Palm Sunday: An unnamed woman and her prophetic act at Bethany
I have no memory. Every Palm Sunday I join the parade of parishioners, waving palm branches and singing “Hosanna” as we process into church. Each year, I am utterly devastated then when the passion is read. The happy hosannas are drowned in the refrain “Were you there?” and I am reminded again that the way of Jesus is the way of the cross. Such is the emotional roller coaster that begins Holy Week.
35 years ago in U.S. Catholic: Don't pass over Exodus
By Father Peter M.J. Stravinskas
This article appeared in the April 1979 issue of U.S. Catholic (Vol. 44, No. 4, pages 36-40).
Week Four: Becoming children of the light
Millennials are obsessed with authenticity. We have been raised to explore who we are and to be that person. That might be why we can’t pass up the latest Buzzfeed quiz, whether it will tell us where we should live, what career we should have, or which Christian saint or pretty little liar we most resemble. And if authenticity is the cardinal virtue of the millennial generation, hypocrisy might be the considered the ugliest vice.
Week Three: Three refreshing gifts of Lent
Lent is a beautiful time of renewal that is often missed. Yet, just like an unexpected afternoon free, a chance to walk quietly alone in the forest or along the beach, Lent can provide the space to lean back into the now and take a deep refreshing breath with God when we see it in the proper perspective. The two questions remain though:
Will we take this opportunity?
If we do, how should we best go about it in a simple, sincere way?
Week Two: Lent provides a perfect opportunity for conversion
Students of Pope Francis summarize his agenda with the phrase “pastoral conversion.” Lent is an especially suitable time to think and pray about conversion. But what is pastoral conversion?
Week One: Three keys to making holiness a habit during Lent
Lent is a time to rid ourselves of habits that are doing little good, or even causing harm, to ourselves and others, and to replace them with habits that are life-giving. Unfortunately, old habits die hard. And contrary to the popular notion that habits can be changed in 21 days, experts tell us that it can take up to a year to change old habits and develop new ones. Lent is 40 days for a reason—holiness is a habit, and habits take time to take hold.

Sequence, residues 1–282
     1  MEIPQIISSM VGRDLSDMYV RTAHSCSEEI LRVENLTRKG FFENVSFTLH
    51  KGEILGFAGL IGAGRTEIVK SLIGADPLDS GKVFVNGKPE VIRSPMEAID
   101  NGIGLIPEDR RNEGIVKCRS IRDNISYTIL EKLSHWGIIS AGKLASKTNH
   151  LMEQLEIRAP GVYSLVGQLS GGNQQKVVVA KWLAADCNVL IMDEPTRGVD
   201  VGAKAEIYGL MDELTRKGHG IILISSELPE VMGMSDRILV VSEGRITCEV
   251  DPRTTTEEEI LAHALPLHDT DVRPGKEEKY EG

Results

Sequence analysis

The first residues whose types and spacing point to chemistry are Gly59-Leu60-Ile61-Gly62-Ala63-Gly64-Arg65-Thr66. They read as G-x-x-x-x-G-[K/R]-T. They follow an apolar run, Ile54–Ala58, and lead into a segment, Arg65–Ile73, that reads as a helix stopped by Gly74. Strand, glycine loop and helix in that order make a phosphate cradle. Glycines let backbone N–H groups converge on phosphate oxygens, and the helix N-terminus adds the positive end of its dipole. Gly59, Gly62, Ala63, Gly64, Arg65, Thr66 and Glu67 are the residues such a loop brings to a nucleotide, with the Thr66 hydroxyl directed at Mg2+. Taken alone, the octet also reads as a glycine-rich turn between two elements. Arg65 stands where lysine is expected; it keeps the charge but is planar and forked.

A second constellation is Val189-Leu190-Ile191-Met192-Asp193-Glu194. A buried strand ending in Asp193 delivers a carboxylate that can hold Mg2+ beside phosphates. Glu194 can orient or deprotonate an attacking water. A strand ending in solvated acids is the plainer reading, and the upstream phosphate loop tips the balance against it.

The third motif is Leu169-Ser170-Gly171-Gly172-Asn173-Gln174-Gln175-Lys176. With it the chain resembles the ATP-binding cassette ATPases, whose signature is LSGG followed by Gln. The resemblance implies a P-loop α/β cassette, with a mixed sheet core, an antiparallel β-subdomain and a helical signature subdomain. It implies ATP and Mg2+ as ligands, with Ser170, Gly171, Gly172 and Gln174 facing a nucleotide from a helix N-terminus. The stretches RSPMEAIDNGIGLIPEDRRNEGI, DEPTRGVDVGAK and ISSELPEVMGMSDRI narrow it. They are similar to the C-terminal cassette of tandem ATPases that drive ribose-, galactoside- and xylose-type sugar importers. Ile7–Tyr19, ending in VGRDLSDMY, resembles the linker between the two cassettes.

Ash Wednesday: Lent calls us to look inward—and to focus on community as well
An important lesson that I learned about Lent actually came from a Jewish friend. While working at Purdue University, I served under Dr. Robert Ringel, a devout man who approached his religious observances with deep care. In the first year that I worked for him, he came into my office to seek forgiveness for any wrong he may have done me. This was part of his preparation for Yom Kippur, a high holy day for the Jewish people and a day of atonement for sins against God and his people.
Weekly Reflections for Lent
Lent is a great time for reflection and prayer for Christians to prepare themselves for the coming of Easter. Throughout this holy season, we will be posting reflections from some well-known Catholics to enhance your spiritual life and to steer you on the path to holiness. Be sure to check back every week for more spiritual guidance during these 40 holy days.
30 years ago in U.S. Catholic: Don't let Lent pass you by
By Ken Maafe
This article appeared in the March 1984 issue of U.S. Catholic (Vol. 49, No. 3, pages 12-13).
My father had an enduring love for the church and a healthy skepticism about some of its leaders’ decisions. Thus, every time he had to do without meat (in those days it was every Friday, not just during Lent), he would begin to rail against certain unnamed Italian cardinals.
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